|Publication number||US5889475 A|
|Application number||US 08/825,133|
|Publication date||Mar 30, 1999|
|Filing date||Mar 19, 1997|
|Priority date||Mar 19, 1997|
|Publication number||08825133, 825133, US 5889475 A, US 5889475A, US-A-5889475, US5889475 A, US5889475A|
|Inventors||Stefan Klosinski, Don Fuller|
|Original Assignee||Klosinski; Stefan, Fuller; Don|
|Export Citation||BiBTeX, EndNote, RefMan|
|Patent Citations (11), Referenced by (84), Classifications (8), Legal Events (3)|
|External Links: USPTO, USPTO Assignment, Espacenet|
1. Field of the Invention
Generally, this invention is directed towards warning common vehicles, pedestrians near traffic signals, and people near radios of approaching emergency vehicles. More specifically, this invention uses a radio signal transmitter that activates a special radio receiver affixed near traffic signals to audibly and visually warn vehicles in close proximity to the traffic signals of an approaching emergency vehicle. Additionally, a radio signal transmitter is also adapted to the emergency vehicle to broadcast an emergency siren signal over radio receivers in close proximity to the emergency vehicle.
Time is usually a critical factor during emergency situations involving accident victims, people needing medical treatment after being involved in some sort of accident. Accident victims needing emergency treatment are forced to wait for an ambulance to arrive at the seen of an accident and transport the patient to a hospital for proper treatment. There are many case every day where patients die on the way to hospitals due delays in the time it takes an emergency vehicle to arrive at the accident scene and transport a patient to the hospital. If the time it takes for an emergency vehicle to arrive at an accident scene and transport accident victims to a hospital for treatment can be reduced, many more lives each year could be saved.
Many times the emergency vehicles are slowed down at street intersections because of other vehicles are not being aware of approaching emergency vehicles and not staying clear of the intersection. This causes the emergency vehicles to slow down and delay the emergency reaction times of the emergency vehicles.
Another problem noticed for emergency vehicles are the passengers of vehicle not being aware of approaching emergency vehicles due to the radio volume being turned up too high on their radio head phones or in the interior space of their vehicle. This scenario has been accused of causing many accidents to occur involving emergency vehicles with non-emergency vehicles.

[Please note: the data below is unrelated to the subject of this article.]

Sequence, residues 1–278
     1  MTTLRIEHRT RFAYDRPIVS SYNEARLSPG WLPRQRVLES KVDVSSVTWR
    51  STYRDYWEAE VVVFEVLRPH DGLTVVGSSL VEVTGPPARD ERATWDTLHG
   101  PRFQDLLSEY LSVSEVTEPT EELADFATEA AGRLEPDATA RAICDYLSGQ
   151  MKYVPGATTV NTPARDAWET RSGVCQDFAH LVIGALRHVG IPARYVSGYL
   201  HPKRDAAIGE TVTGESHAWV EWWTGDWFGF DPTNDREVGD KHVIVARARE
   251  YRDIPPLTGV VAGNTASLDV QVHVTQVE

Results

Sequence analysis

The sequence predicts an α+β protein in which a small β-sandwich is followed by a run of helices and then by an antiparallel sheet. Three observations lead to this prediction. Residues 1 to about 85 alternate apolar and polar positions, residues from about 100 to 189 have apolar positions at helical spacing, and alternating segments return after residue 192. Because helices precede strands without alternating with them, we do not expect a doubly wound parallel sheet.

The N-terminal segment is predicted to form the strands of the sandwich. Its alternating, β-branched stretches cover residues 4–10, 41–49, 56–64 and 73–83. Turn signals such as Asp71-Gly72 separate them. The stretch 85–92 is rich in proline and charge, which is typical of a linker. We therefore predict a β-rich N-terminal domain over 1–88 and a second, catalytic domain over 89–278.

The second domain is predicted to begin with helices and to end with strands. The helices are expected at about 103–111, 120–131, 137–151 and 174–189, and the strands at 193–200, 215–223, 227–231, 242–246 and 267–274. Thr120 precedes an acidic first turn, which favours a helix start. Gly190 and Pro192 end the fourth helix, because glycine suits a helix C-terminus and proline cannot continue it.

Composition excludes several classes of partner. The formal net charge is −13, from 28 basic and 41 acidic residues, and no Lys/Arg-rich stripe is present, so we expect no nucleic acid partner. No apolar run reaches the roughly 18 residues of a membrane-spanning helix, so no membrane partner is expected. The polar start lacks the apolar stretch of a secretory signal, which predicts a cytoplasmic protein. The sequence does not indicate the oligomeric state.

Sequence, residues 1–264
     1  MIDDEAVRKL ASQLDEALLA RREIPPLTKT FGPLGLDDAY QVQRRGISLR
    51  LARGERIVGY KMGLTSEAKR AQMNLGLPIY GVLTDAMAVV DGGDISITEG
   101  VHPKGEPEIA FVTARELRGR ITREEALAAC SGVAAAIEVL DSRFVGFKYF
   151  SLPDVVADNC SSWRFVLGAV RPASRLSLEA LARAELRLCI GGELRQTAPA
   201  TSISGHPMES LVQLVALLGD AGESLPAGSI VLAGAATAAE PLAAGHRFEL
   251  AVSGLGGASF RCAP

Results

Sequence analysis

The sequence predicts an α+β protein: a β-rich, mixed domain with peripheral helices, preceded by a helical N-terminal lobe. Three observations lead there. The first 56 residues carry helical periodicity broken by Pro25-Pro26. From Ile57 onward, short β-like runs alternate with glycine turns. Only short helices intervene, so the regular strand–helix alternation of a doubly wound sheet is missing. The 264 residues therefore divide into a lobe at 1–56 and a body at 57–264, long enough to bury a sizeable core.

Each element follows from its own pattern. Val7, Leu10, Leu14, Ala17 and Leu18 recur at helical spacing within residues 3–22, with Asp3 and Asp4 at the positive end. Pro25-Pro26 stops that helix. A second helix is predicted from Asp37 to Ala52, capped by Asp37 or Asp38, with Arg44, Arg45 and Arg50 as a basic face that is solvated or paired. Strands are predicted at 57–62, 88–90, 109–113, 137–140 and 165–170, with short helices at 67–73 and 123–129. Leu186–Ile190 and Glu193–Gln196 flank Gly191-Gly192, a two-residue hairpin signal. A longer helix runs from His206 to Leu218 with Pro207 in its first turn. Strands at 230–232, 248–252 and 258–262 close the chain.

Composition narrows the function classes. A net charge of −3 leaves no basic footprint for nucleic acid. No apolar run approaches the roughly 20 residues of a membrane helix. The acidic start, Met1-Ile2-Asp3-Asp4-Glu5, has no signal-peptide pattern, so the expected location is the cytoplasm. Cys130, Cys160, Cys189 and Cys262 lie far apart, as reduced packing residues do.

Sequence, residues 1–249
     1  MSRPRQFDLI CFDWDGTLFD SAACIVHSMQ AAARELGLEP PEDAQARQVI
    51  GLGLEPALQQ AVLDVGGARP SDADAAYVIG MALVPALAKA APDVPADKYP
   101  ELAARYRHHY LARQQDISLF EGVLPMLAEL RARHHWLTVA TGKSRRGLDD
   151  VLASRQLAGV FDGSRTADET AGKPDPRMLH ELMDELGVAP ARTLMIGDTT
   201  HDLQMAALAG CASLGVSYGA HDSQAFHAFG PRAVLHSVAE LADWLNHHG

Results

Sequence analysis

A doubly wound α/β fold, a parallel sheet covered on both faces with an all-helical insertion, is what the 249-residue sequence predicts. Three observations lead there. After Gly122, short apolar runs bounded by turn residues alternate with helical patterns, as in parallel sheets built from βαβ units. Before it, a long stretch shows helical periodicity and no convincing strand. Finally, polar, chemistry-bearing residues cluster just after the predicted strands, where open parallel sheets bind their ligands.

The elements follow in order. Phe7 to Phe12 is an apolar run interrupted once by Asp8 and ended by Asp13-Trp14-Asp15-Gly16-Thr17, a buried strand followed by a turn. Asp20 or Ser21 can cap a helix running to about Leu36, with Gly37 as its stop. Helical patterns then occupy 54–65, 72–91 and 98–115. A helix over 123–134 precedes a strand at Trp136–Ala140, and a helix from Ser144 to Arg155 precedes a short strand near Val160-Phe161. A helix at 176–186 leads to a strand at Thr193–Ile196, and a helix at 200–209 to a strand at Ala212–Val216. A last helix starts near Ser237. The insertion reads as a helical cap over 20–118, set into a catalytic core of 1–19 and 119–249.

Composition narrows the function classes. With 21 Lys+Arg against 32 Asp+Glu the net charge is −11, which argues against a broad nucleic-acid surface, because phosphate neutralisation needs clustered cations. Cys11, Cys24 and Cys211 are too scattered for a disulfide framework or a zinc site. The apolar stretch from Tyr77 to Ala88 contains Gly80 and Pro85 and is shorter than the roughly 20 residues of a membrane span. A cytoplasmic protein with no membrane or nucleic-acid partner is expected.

2. Description of the Prior Art
Several approaches have been provided for the warning of approaching emergency vehicles, in U.S. Pat. No. 5,235,329, "A combination to detect the proximity of an emergency vehicle including a transmitter in the emergency vehicle and a receiver in another vehicle, the receiver actuating an alarm such as a blinking light upon the reception of a transmission from an emergency vehicle."
In U.S. Pat. No. 5,187,373, "An optical signal emitter assembly emits light pulses which are received by an optical traffic preemption system detector. The optical signal emitter assembly employs a honeycomb element positioned in front of a light source which collimates light emitted by the optical signal emitter assembly. The optical signal emitter assembly is convertible from a stand-alone unit containing power supply circuity, timing circuitry, and a light source in a single housing, to a unit wherein the light source can be mounted independently from a housing containing the power supply circuitry and the timing circuitry."
In the art taught by U.S. Pat. No. 4,896,153, a "System to control and temporally adapt semaphoric regulating, consisting of one first receiving radioelectric equipment (F), equipped with nondirectional aerial, and provided, on roads, buildings, etc., in number suitable for requirement of monitored crossings, to receive and decode signals on a given frequency; one transmitting radioelectric equipment (I), equipped with directional aerial (L), in the same number as that of said receiving radioelectric equipments, suitable for retransmitting said properly reencoded signals, said receiving and transmitting equipment forming decentralized monitoring sites (4) for controls and transit; one second receiving radioelectric equipment (5), 3 with nondirectional aerial (M), provided near the usual switching exchange (7) of semaphoric signals (3), able to decode the signal received on a given frequency; and of one main transmitter (2), connected to aerial means (D), and provided on rescue vehicle (1); between said second receiving radioelectric equipment and usual switching exchange being provided an intelligent interface (6)."
While some of the prior art may contain some similarities relating to the present invention, none of them teach, suggest or include all of the advantages and unique features of a system of warning of an approaching emergency vehicle as the invention disclosed herein.
For the foregoing reasons, there is a need for a system that will warn pedestrians and vehicles particularly at intersections of approaching emergency vehicles such that many more lives can be saved, and the number of accidents between emergency vehicles, and non-emergency vehicles will be reduced.